The move-in metric below $1,000 is another metric used in the report, once again supporting the assertion that African migrants are using digital currencies to transfer funds. According to Chainalysis, such transfers crossed the 200,000 mark for the first time in May 2020 and have remained above it ever since. In fact, in May 2021, the number of transfers under $1,000 was just under 800,000.

Cryptocurrencies are key to achieving UN target to reduce remittance costs below 3% by 2030
Source: Chainalysis.

Besides being a faster and perhaps safer way to send money, cryptocurrencies are a lot cheaper than official channels. While it can cost up to $10 (10%) to transfer $100 from South Africa to Zimbabwe using regular corridors, it costs about $0.01 to send $200 via BCH ONLY such as network or less than one percent. It even costs less than a cent to transfer the same value on the Stellar network. Besides these two examples, there are several other examples that demonstrate that cryptocurrencies can be a better alternative to conventional remittance channels.

Regulators must not reduce the use of functional innovation

Thus, while critics – especially those based in advanced economies – are eager to highlight the flaws in cryptocurrencies, migrants from not only Europe Africa that globally is proving that cryptocurrencies are better than traditional channels. If cryptocurrency suddenly becomes a widely used means of remittance across different jurisdictions, achieving the SDG 10.3 goal of achieving 3% lower remittance costs could happen first. deadline in 2030.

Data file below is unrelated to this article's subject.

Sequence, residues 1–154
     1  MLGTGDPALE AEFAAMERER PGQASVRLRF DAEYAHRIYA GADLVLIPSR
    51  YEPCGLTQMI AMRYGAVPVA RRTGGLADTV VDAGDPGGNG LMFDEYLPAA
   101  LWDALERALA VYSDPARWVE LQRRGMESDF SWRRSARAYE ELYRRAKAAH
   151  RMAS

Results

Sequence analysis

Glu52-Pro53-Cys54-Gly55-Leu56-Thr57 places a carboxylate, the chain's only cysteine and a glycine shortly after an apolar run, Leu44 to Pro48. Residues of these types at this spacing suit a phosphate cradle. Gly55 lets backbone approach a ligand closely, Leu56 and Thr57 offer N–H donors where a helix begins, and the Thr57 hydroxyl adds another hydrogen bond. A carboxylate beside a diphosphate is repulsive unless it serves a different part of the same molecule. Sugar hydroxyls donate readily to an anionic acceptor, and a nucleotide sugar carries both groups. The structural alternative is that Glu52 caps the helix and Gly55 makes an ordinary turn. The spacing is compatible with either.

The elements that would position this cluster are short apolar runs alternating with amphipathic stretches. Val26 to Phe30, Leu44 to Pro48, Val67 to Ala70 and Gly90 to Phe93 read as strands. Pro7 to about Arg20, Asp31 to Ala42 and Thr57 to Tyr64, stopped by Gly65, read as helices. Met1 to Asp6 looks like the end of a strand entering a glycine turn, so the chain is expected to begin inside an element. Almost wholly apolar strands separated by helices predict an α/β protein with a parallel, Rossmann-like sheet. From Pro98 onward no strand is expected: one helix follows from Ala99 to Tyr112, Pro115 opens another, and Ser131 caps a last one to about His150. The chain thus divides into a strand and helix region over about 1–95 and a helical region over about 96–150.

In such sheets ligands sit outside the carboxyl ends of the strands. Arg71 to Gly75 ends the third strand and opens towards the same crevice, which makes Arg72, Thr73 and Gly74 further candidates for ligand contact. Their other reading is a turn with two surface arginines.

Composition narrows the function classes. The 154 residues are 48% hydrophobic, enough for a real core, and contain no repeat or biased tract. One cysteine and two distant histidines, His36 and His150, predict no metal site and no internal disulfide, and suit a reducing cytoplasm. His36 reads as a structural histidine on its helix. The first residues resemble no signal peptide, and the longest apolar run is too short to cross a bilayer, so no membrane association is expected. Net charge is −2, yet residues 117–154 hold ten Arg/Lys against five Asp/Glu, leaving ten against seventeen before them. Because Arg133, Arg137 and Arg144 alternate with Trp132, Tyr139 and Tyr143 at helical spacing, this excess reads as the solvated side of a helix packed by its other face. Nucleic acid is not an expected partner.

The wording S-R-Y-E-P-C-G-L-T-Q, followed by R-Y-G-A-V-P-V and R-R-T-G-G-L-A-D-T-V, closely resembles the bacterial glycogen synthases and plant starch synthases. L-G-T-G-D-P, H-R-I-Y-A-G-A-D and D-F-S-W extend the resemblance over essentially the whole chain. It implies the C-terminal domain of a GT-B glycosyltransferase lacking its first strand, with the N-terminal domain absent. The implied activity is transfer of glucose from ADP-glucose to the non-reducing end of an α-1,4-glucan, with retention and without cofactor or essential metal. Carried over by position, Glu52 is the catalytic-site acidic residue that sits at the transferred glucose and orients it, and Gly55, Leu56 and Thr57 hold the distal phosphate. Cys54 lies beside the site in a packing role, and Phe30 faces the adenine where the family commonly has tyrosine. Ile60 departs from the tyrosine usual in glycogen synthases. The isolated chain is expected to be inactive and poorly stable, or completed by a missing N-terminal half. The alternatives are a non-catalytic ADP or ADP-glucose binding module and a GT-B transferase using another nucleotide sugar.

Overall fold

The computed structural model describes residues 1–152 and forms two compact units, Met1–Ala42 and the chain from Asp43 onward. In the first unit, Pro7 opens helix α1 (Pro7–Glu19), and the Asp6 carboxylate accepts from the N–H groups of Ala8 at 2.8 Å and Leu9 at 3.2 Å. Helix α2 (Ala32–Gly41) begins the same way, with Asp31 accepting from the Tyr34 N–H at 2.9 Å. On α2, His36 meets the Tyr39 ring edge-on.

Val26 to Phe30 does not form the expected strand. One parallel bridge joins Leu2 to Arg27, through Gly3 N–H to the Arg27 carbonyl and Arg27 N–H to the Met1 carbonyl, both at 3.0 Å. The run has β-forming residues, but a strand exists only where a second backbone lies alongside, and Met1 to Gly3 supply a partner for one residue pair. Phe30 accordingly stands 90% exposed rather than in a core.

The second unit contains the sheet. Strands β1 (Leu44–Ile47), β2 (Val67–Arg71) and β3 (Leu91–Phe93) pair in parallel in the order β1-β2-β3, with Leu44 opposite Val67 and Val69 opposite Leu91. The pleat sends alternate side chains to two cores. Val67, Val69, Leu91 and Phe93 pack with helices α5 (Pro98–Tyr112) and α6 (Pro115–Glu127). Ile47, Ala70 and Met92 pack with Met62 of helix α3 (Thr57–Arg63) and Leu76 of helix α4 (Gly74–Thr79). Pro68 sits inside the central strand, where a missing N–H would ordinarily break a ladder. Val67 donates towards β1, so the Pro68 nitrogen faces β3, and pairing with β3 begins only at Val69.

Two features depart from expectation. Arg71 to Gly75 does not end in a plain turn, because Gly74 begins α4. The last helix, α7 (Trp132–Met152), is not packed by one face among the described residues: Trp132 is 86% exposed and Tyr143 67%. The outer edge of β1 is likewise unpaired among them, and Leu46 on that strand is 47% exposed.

Therefore, it is reasonable that regulators should be guided more by facts rather than malice when dealing with cryptocurrencies. Regulation of cryptocurrencies should not be intended to restrict their use as the United Nations Conference on Trade and Development (UNCTAD) recommended in a recent policy brief.

Instead, regulators should promote or encourage increased use of cryptocurrencies as they prove useful. An innovation aimed at emancipating the poor or an attempt to level the playing field should be protected and not ostracized.

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Terence Zimwara

Terence Zimwara is an award-winning Zimbabwean journalist, author and writer. He has written extensively about the economic troubles of several African countries as well as how digital currencies can provide Africans with an outlet.

Image credits: Shutterstock, Pixabay, Wiki Commons

Disclaimer: This newspaper only gives true information. It is not a direct offer or solicitation to buy or sell, or a recommendation or endorsement for any product, service or company. Bitcoin.com does not provide investment, tax, legal or accounting advice. Neither the Company nor the author is responsible, directly or indirectly, for any damage or loss caused or alleged to be caused by or in connection with the use of or reliance on any content, goods, or materials. goods or services mentioned in this article.